The evolution of drug injection in public places is analysed using as indicator the number of syringes collected from public spaces, evaluating as well the influence of public health harm reduction interventions and of police actions, with a before and after quasi experimental study. Monthly syringe counts on the semester before and after each intervention were compared both in the involved district and in the city as a whole, using the U and z tests with a 95% confidence level. The average number of collected syringes drops from 13.132 in 2004 to 3.190 in 2012. Comparing indicators before and after health and police interventions, the opening of a facility with a supervised drug consumption room in the inner city was associated with a huge reduction in the number of abandoned syringes in the city, while its number did not rise in the district where the facility was located. The subsequent opening of another drug consumption room did not have a significant impact in collected syringes in the area. Some police interventions in 2005-2006 and 2011 had a significant impact in the indicators of the involved districts, while others did not. Harm reduction programs might have a favourable impact on drug injection in public spaces and related syringe presence. Some police interventions appear to have an impact while others do not or just have a modest local and temporary effect. 

Enrique Ilundain, Iñaki Markez, Salas de consumo: entre innovación y mal menor en políticas de drogas, Adicciones vol. 17, n°2, 2005, p.287-297.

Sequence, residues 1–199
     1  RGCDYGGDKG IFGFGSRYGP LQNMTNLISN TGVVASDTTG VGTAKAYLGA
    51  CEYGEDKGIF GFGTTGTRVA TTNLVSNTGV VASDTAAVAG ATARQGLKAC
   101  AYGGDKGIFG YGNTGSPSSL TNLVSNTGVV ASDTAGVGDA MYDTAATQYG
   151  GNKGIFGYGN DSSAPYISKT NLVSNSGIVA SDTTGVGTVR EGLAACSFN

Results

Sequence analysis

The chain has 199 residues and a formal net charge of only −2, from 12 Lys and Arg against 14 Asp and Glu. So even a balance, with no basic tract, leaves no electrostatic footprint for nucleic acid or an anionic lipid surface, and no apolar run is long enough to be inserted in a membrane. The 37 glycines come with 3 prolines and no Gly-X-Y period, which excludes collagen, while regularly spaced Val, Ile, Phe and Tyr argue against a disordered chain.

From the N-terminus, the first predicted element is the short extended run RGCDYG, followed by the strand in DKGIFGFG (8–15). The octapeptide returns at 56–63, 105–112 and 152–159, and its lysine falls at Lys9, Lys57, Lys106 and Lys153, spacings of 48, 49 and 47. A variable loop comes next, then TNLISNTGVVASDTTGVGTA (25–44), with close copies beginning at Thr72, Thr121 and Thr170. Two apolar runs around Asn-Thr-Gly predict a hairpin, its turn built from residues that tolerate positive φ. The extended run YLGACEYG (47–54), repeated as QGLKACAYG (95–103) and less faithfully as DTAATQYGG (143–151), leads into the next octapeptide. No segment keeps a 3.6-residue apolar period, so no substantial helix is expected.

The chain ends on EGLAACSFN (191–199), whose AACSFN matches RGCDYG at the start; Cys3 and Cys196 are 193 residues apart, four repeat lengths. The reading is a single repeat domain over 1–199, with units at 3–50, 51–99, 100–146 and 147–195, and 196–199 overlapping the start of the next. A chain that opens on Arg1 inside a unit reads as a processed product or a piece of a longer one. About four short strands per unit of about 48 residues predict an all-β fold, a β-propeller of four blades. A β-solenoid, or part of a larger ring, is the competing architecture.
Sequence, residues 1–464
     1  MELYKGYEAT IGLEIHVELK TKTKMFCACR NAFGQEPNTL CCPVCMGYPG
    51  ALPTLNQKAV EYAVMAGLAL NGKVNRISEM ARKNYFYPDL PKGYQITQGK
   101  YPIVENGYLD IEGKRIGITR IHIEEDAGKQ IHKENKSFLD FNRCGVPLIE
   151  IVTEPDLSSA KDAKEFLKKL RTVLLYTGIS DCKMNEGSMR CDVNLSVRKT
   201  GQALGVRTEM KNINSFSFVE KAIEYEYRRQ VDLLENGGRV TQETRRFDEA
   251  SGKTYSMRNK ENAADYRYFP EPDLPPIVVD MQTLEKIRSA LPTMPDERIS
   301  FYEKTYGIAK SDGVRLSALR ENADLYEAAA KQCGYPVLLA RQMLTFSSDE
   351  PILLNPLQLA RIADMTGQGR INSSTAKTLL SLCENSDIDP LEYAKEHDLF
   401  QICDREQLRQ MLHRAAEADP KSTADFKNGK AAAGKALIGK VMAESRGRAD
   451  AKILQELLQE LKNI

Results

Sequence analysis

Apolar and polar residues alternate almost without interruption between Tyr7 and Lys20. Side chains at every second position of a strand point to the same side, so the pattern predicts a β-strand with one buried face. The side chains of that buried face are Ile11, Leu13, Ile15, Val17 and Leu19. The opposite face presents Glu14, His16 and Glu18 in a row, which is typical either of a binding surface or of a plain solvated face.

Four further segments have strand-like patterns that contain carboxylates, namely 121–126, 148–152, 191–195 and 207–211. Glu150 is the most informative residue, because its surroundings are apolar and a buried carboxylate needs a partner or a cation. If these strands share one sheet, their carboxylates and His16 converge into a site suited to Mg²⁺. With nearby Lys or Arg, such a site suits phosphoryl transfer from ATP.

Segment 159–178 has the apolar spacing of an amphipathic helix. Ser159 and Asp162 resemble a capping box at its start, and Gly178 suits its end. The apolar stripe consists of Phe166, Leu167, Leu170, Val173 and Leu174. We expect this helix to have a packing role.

Aims: To study the social and political conjunctures framed around the establishment of drug consumption rooms in Spain. Method: Brief analysis of the political conjunctures and conflicts that accompanied the emergence of DCR’s in several cities, with a special focus on the cases of Madrid, Barcelona and Bilbao, but also in comparison among, and to, those of other cities across Europe and Canada. Conclusions: Drug consumption facilities, beyond being innovative interventions in terms of harm reduction, and independently of their technical achievements or failures, reveal themselves as scenes where drugs policies, and general politics, are brought to trial. Scenes generally of conflict, that contribute to clarify the true contents under “well-speaking” discourses of technical correctness –and those of political correctness; that compel us to relocate in a sense of crude reality the viability of interventions usually born surrounded by polemics, and to publicly justify them in the face of vehement, pro as well as counter, public opinion sectors.